August 14, 2015
By Brendan McQuade
Above: Mo. Highway Patrol Capt. Ron Johnson hugged Adrian (who wouldn’t give his last name) in Ferguson on Sunday afternoon, Aug. 17, 2014, on W. Florissant. [Source]
Rebellions aren’t simply repressed. They’re pacified. While repression—the iron hand—is useful to terrorize a population into submission, the issues animating a rebellion must be partially redressed—the velvet glove—to forestall a further reaching revolutionary upsurge. The most effective way to defeat rebellion is to blunt its grievances and overtake its leaders. This is precisely what is happening with the Black Lives Matter movement.
For the past year, much attention has focused on the most dramatic responses to the Black Lives Matter movement: the militarized police and smoke grenades, states of emergency and curfews, government surveillance and fears of infiltration. While these forms of repression should not be discounted, they should be properly understood. Heavy-handed responses polarize the struggle. The middle ground disappears and both sides radicalize. For those seeking to maintain the status quo, this is not the best outcome.
It’s much better to co-opt moderates and divide the opposition. After the initial explosion in Ferguson following Mike Brown’s death, Governor Jay Nixon put a black officer, Missouri Highway Patrol Captain Ronald S. Johnson, in charge. Johnson immediately won praise, when he ordered his officers shed their riot gear and started walking with marching demonstrators. In this new context, liberal organizations began to separate themselves from more radical demonstrators. The NAACP organized events “to channel the anger over Brown’s death into positive action such as getting people to register to vote and to obtain college grants.” Johnson and other police executives marched at the head of a NAACP demonstration. The response to the Ferguson Rebellion had shifted from crude repression to subtle pacification.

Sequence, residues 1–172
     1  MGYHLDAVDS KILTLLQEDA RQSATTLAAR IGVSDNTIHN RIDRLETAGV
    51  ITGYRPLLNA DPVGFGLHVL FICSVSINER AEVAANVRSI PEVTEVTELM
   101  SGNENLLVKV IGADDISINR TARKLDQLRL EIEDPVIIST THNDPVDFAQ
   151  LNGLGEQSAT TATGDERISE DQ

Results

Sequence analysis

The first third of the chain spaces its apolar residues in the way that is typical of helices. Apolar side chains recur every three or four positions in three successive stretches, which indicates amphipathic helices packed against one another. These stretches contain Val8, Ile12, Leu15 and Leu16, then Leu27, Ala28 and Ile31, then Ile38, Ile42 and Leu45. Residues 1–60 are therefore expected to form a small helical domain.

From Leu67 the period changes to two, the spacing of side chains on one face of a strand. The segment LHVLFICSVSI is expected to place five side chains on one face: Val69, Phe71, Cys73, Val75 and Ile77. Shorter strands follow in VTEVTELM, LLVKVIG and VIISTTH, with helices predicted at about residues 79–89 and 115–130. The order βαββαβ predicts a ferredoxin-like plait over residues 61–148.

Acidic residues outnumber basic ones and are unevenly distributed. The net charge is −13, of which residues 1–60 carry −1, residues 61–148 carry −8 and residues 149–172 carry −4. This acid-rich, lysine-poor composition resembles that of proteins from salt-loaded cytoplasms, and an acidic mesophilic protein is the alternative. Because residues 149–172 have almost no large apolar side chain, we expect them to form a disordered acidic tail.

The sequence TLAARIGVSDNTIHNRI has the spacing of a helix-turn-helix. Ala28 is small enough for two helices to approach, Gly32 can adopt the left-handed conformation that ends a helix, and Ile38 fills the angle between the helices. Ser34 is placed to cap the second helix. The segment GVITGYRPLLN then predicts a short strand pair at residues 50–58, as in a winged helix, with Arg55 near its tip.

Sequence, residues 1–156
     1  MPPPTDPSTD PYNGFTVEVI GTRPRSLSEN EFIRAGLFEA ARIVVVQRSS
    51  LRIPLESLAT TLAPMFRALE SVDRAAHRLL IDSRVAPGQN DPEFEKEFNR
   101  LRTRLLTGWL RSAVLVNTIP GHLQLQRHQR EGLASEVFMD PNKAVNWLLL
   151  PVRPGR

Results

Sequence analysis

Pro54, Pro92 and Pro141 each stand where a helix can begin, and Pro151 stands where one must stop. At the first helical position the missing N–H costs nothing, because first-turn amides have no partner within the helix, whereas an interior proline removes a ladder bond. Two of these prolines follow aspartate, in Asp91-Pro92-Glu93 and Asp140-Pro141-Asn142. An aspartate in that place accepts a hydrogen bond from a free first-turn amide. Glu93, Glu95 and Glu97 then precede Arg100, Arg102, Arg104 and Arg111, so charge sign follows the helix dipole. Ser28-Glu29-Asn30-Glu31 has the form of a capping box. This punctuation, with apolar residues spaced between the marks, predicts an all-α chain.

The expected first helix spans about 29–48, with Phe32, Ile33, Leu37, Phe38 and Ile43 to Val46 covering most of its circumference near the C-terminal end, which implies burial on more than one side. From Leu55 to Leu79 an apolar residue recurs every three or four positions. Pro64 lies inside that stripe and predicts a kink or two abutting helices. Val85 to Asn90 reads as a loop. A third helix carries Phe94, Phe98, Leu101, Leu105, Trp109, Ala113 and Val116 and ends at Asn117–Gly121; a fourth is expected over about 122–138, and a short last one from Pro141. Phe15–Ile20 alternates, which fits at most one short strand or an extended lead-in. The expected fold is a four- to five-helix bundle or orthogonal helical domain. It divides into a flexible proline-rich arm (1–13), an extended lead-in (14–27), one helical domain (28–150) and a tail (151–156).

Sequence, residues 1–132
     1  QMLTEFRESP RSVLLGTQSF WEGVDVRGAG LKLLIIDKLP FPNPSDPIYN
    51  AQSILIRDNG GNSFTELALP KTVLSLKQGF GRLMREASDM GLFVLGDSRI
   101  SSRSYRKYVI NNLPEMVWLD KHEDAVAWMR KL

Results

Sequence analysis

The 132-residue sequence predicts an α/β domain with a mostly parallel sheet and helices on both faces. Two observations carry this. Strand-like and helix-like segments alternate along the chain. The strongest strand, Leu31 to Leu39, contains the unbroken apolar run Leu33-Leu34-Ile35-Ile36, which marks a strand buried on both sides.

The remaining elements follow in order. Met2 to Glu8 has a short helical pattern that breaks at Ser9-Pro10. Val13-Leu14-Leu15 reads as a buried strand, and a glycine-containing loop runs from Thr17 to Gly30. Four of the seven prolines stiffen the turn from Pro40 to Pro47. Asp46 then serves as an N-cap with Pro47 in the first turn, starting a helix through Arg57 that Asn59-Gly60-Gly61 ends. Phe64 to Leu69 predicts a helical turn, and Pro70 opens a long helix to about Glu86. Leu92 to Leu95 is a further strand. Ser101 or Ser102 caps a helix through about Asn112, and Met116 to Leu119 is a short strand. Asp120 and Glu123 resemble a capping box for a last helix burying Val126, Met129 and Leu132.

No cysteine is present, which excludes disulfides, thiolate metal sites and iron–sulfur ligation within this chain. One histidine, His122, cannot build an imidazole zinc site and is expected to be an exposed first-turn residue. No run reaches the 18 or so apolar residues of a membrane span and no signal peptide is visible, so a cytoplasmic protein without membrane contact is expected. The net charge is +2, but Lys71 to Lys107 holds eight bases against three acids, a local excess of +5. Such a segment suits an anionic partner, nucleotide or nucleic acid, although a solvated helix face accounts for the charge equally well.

Established non-profit organizations are essential to this work. They bring needed legitimacy to the state’s efforts to contain dissent. In Ferguson, the NAACP and local religious groups have sought to temper protests, limit property damage, and redirect discontent toward institutional channels. Despite their best intentions, these groups become potent weapons to mollify discontent and moderate change.
The same dynamic was recently at work in Chicago, where the ACLU of Illinois sold out grassroots movements, who had been working to curtail stop and frisk by the Chicago Police Department (CPD). In the summer of 2014, the CPD conducted a quarter million stops that did not lead to an arrest, four times the rate of New York City. Nearly three quarters of those stopped were black. In response to this systemic racial profiling, We Charge Genocide, a grassroots abolitionist organization, wrote the Stop, Transparency, Oversight and Protection (STOP) Act. This municipal ordinance would have required the CPD to collect and share comprehensive data on police stops.
The We Charge Genocide (WCG) name is an allusion to a 1951 report that Civil Rights Congress presented to the UN. The study cited lynching, police brutality, legal disenfranchisement, and systemic inequality as evidence that the US government was engaged in genocide against its black citizens. In September 2014, WCG presented its own report to the UN Committee Against Torture that detailed the Chicago police’s systemic harassment and abuse of minority communities, the failure of existing redressive mechanisms, and the resultant impunity of the Chicago police. For the past ten months, WCG has worked to educate and mobilize youth of color about the CPD’s racially discriminatory stop and frisk practices.